The original Microsoft Xbox was not one of my favorite consoles when it released. I was a Nintendo 64 kid. Then I got a PlayStation 2 for Christmas and waited on the other consoles of that generation. One day, the idea popped into my head to save and scrounge up for a used Xbox from GameStop. After all, it was like 2005 and the next generation consoles were coming soon.

So I got together every dollar, quarter, dime, nickel, and even penny that I could find. And I plopped down the, I think it was $150, for a used Xbox. I got Conker Live and Reloaded, Halo, Halo 2, and Oddworld: Stranger’s Wrath to go with it. (Great games for a 5th grader to be playing, but I turned out fine, so suck it Jack Thompson). The original Xbox is an enigma of that console generation for me. It was far and away the most powerful console from a technical standpoint. Third-party releases just ran and looked better on the Xbox. But it got thoroughly dominated by the PlayStation 2.

For good reason, the PlayStation 2 is one of the best consoles of all-time. But the original Xbox is a goldmine for collecting. With that power in the system, the games for it are amazing. They also don’t look terrible, even when compared to today’s powerhouse games. But this is an article about collecting for the original Xbox. So let’s get to it.

GameCube Dominates Prices, PlayStation Two Dominates Number Of Games

The Xbox falls into this gap between the two consoles. The GameCube might not have sold many copies or have a large library, but because it’s a Nintendo console, it has that built-in collector floor. PlayStation Two collectors have a wide library of relatively obscure RPG games among a large library of titles in the thousands. Xbox doesn’t have either of these things for their first machine.

Collectors for Retro Video Games know how these things work. The pandemic accelerated prices across the board for all consoles. So even a system that was pretty affordable from the most expensive games down to the bottom, like the Xbox, had massive price increases for it’s rarest games. Turns out people stuck inside all day, still want to play those old games from their youth.

I’m no different. Except I went a bit further with that collecting. I don’t want to stop at the games I had when I was a kid. I have most of those original Xbox games that I owned at the start, still. I’m after the full Xbox library. And possibly most of the variants on the Original Xbox.

Prices Rise And Hold For the Xbox

The behemoth of the Steel Battalion controller

So right now, the most expensive games on the Xbox are even more expensive. Thanks to our friends at GameValueNow and their price graphs, we can see the average price of an Xbox game rising from the start of the pandemic.

Prices on the average complete Xbox game were at around $7 for almost three years without any solid movement. March 2020 hits, and boom, that $7 turns into almost $12. And that’s just movement for the average game. That’s not showing the increases for the higher dollar and rare games for the system.

In some cases, the price is skyrocketing still, in others prices are fairly stable, and in some like Steel Battalion and it’s huge box, the prices swing pretty wildly.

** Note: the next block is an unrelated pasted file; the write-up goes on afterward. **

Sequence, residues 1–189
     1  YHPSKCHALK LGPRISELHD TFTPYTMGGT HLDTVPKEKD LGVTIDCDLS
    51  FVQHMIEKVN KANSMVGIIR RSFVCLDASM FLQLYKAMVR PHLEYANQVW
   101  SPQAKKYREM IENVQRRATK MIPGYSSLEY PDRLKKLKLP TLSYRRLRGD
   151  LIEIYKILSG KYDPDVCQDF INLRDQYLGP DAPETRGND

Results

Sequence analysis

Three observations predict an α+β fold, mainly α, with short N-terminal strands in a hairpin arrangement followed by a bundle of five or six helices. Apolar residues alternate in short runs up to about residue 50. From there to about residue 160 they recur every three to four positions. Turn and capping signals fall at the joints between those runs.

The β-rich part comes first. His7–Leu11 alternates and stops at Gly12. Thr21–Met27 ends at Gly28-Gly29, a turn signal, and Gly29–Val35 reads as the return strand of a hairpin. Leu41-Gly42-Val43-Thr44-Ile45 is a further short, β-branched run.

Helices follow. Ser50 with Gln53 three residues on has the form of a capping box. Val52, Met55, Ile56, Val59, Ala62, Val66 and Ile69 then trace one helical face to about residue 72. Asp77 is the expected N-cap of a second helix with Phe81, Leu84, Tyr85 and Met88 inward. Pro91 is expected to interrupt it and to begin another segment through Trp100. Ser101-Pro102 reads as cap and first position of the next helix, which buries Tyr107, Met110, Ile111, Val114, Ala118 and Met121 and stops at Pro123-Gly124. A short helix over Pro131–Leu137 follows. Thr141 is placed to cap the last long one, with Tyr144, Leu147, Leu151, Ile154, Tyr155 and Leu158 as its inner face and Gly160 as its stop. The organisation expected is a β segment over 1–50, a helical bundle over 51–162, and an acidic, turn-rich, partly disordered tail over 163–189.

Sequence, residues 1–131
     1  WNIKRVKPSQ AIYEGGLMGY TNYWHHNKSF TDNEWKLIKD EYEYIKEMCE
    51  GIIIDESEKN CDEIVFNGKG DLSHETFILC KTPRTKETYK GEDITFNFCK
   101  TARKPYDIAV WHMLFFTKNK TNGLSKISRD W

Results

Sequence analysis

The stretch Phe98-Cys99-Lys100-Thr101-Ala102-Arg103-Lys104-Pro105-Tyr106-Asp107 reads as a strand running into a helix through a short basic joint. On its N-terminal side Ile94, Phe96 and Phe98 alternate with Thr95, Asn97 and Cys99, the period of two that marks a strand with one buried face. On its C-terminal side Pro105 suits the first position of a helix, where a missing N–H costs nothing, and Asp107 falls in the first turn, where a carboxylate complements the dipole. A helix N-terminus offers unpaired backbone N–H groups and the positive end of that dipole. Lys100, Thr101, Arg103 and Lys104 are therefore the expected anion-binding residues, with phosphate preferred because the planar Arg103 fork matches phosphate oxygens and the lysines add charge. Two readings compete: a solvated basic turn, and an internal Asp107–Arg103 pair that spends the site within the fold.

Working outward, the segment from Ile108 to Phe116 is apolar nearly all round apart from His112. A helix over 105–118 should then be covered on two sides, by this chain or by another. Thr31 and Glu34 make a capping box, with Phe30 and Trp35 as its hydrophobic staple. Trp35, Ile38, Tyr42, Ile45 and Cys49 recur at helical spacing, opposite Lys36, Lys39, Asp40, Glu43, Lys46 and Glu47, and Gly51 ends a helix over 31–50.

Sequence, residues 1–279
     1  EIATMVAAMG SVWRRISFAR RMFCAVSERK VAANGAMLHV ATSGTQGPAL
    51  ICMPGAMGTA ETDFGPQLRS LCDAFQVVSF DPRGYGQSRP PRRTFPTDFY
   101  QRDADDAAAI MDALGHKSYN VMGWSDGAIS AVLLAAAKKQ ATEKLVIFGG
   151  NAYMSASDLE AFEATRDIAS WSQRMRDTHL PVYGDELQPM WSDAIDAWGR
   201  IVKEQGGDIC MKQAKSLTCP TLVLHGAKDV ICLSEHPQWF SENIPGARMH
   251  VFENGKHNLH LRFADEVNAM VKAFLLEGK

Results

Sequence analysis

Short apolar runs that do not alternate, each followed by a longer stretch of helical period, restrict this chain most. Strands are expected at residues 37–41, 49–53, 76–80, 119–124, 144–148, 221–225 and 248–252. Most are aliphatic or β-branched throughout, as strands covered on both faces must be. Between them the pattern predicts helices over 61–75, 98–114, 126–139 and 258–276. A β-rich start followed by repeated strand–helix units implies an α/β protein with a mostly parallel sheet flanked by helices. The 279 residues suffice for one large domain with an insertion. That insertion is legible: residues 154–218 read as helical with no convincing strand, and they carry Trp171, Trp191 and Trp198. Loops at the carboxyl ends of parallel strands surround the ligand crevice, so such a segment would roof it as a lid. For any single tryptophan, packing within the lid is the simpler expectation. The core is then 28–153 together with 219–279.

Looking at the top around eight games that I would call rare. Steel Battalion and the controller doesn’t really count. But games like Futurama, Stubbs the Zombie, Teen Titans, Fatal Frame II: Crimson Butterfly, Def Jam: Fight for NY, and OutRun 2006: Coast 2 Coast have all broken their trends. There are other games like Jurassic Park: Operation Genesis that have actually gone down in price, but I think that’s people realizing that you can play that game and have a great experience with it, elsewhere.

Through The Price Increases, The Time Is Still Now For Xbox Collecting

If you look at the prices for some GameCube and PlayStation 2 titles, they’re getting to levels that are pretty untenable for the average collector. The top end of the Xbox range might be getting to that point, but you can also play certain games on other consoles. Steel Battalion might be the most exclusive experience for the Xbox though. I own the controller and game, and it’s definitely an experience that you need to see to believe.

I got into Xbox collecting because it seemed like an easy collection to get. After all, go into Retro game stores, they have plenty of Xbox titles to go around. It’s not a super in-demand console yet. With the advent of backwards compatibility coming to the Xbox Series S/X, that is going to change.

This isn’t a warning though. It’s an invitation. The Xbox has plenty of strange and quirky games that are exclusive to the console. Like I said before, it also just runs that generation of games better than the other two consoles. That all adds up to an untapped console for the collector trying to get into retro gaming out there.

I didn’t get into collecting for it for the money though. I sincerely love the original Xbox. It’s a console that showed us that Microsoft was serious about gaming. The console gave us the legit third company to compete with Sony and Nintendo that we hadn’t had since Sega. So join me in appreciating this wonderful console.

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